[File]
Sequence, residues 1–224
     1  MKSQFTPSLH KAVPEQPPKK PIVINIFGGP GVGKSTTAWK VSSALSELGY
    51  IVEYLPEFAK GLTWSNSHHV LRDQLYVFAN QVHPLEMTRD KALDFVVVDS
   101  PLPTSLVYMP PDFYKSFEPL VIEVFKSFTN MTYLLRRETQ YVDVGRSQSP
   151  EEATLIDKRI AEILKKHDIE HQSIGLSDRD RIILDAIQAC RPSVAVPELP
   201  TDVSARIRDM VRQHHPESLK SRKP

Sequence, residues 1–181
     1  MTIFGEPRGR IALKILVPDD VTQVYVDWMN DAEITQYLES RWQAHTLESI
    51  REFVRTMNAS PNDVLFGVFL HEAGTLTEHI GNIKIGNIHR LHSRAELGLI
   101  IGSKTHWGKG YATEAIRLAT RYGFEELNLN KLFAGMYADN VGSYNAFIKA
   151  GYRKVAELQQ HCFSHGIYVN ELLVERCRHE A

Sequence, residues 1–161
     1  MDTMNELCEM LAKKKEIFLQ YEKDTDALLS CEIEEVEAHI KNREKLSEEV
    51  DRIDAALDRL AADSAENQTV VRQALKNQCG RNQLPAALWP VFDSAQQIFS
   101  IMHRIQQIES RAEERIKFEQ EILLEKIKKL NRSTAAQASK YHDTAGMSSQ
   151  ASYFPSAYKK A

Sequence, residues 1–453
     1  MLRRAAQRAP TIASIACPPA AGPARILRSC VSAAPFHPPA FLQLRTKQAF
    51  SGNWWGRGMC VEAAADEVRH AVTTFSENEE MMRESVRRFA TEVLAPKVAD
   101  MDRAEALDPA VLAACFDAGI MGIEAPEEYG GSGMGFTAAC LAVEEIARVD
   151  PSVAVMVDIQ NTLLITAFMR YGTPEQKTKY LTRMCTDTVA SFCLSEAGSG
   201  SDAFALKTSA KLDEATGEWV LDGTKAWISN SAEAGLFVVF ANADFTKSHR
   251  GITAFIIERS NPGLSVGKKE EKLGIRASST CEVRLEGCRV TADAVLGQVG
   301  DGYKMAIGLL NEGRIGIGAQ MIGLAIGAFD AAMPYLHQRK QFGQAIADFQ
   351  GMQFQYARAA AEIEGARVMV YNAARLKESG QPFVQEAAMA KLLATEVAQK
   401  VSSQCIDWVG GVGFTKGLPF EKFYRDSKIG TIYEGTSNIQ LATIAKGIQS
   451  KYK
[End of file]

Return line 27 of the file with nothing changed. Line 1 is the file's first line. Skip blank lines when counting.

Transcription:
   451  KYK